Uttar Pradesh: National Security Act invoked against Javed Mohammad for clashes over Prophet row
The draconian law allows the government to incarcerate a person for up to a year without charge or trial
On Saturday, the Prayagraj adminstration invoked the stringent National Security Act (NSA) against Javed Mohammad, who is alleged by authorities to be the main conspirator behind the June 10 violence, district magistrate Sanjay Kumar Khatri said.
The June 10 violence occurred during protests over derogatory remarks against Prophet Mohammed by former BJP spokesperson Nupur Sharma.
The NSA order was sent to the Deoria district jail, where Mohammad is currently lodged, on Saturday evening. The draconian law allows the government to incarcerate a person for up to a year without charge or trial.
Mohammad was arrested in the early hours of June 11, hours after Prayagraj witnessed some incidents of stone pelting in the Khuldabad locality after the Friday prayers of June 10 in protest against BJP leader Nupur Sharma’s controversial remarks about Prophet Mohammad.
Police claimed Mohammad was the “ring leader” of the violence – a charge he and his lawyers deny – and his residence was demolished by the authorities on June 12.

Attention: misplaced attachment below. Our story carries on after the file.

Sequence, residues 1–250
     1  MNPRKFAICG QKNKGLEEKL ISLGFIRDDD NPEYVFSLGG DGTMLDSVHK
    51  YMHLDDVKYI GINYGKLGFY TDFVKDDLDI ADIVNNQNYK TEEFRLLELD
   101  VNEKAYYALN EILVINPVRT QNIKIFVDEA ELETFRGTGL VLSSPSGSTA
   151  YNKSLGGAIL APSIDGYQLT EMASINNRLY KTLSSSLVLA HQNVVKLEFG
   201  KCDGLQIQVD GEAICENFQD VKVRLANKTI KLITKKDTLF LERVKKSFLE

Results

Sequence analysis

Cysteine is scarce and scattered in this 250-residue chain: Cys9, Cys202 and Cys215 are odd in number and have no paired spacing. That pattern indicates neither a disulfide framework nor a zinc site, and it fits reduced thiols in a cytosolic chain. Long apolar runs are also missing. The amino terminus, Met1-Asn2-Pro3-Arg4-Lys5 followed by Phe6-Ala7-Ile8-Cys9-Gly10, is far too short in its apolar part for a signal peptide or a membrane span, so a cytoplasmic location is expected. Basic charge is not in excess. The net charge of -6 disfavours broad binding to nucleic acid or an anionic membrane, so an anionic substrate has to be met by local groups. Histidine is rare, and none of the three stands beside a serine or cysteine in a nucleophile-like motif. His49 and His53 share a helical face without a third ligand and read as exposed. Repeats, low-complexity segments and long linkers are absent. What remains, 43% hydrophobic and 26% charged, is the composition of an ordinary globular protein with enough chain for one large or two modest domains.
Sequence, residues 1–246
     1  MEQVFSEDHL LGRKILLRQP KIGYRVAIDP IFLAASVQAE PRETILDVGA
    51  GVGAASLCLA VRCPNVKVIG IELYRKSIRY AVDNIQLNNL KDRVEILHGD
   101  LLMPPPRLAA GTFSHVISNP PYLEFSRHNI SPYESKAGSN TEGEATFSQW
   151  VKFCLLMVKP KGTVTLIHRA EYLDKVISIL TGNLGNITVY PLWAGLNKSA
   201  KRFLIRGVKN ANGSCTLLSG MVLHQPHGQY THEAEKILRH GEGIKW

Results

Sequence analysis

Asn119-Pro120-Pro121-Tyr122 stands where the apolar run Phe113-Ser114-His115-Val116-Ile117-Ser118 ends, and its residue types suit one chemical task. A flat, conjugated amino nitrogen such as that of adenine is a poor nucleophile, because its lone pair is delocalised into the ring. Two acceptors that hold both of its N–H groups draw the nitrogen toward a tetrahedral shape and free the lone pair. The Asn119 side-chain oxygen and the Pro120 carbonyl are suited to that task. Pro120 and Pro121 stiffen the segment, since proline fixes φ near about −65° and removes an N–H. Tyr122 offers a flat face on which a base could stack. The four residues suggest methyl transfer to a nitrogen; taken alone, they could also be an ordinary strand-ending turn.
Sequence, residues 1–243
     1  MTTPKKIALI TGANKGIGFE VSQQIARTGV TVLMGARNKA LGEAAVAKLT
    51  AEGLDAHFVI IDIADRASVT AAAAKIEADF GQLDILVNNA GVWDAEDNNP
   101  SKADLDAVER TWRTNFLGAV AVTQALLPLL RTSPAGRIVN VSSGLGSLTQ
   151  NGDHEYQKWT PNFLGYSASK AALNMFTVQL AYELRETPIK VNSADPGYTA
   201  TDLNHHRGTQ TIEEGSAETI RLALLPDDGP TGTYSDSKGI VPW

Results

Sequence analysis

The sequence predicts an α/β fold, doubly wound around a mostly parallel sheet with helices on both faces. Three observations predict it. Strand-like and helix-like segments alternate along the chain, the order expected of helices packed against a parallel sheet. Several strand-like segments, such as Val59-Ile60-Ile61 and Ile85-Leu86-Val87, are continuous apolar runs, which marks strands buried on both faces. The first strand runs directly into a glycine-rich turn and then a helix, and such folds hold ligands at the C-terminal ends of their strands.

What is the NSA?
The National Security Act of 1980 is an act of the Indian Parliament promulgated on September 23, 1980 whose purpose is "to provide for preventive detention in certain cases and for matters connected therewith".
The act extends to the whole of India. It Contains 18 sections. This act empowers the Central Government and State Governments to detain a person to prevent him/her from acting in any manner prejudicial to the security of India, the relations of India with foreign countries, the maintenance of public order, or the maintenance of supplies and services essential to the community it is necessary so to do.
The act also gives power to the governments to detain a foreigner in a view to regulate his presence or expel from the country. The act was passed in 1980 during the Indira Gandhi Government.
The National Security Act along with other laws allowing preventive detention have come under wide criticism for their alleged misuse. The act's constitutional validity even during peacetime has been described by some sections as an anachronism.
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